Florida roundup: Testing and vouchers, class size flexibility, fan mail & more

Testing for “voucher” kids. The Orlando Sentinel editorial board concludes tax credit scholarship students should take the same standardized tests as their public school peers: “Comparing apples to apples, scholastically speaking, will enhance transparency and accountability.”

fan mailFrom Florida with love: A Florida education advocate named Lowell Levine gets extended mention in the latest Rick Hess column, a follow-up to a piece about the unfortunate politicization of Newtown. Levine tells Hess, in part: You just do not want to hear the truth —it is writers like you who are in denial and contribute to violence in schools. You are a shame to your profession. Good by and have a great life——A$$@#%&!!!!!… I’m not sure if it’s the same guy, but a Lowell Levine in South Florida applied to be Florida ed commish and, according to the Palm Beach Post, founded an anti-bullying foundation.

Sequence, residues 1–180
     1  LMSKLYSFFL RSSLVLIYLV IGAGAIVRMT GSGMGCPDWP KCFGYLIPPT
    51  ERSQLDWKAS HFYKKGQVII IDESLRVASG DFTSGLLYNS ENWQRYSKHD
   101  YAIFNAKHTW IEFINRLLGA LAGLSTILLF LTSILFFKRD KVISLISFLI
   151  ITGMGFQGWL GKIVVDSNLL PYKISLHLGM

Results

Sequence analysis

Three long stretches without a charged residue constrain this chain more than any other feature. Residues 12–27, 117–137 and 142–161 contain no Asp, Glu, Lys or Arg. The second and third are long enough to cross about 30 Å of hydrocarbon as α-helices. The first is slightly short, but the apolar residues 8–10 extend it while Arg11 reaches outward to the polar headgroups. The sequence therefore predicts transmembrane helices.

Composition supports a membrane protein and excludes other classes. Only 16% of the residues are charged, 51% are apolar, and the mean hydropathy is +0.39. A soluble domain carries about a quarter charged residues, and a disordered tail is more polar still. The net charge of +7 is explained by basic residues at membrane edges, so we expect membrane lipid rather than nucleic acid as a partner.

Education funding. From a Miami Herald year-end-wrap-up editorial: “Investments in education pay off. That’s a lesson Gov. Rick Scott seems to be learning as he pushed to restore some of the K-12 funding that he previously cut.”

“Lower ed.” Former Florida Education Commissioner Gerard Robinson makes the year-in-review from Tampa Bay Times columnist John Romano.

Class size. Do districts need more flexibility? asks Gradebook. SchoolZone looks at compliance in Central Florida districts.

The year’s biggest education stories. According to StateImpact Florida. Amendment 8 is in there.

End of course exams. DOE will study the possibility of concordant scores for the Algebra I test, reports SchoolZone.

More Newtown repercussions. Armed deputies may be patrolling Alachua County elementary schools when students return Jan. 3, reports the Gainesville Sun.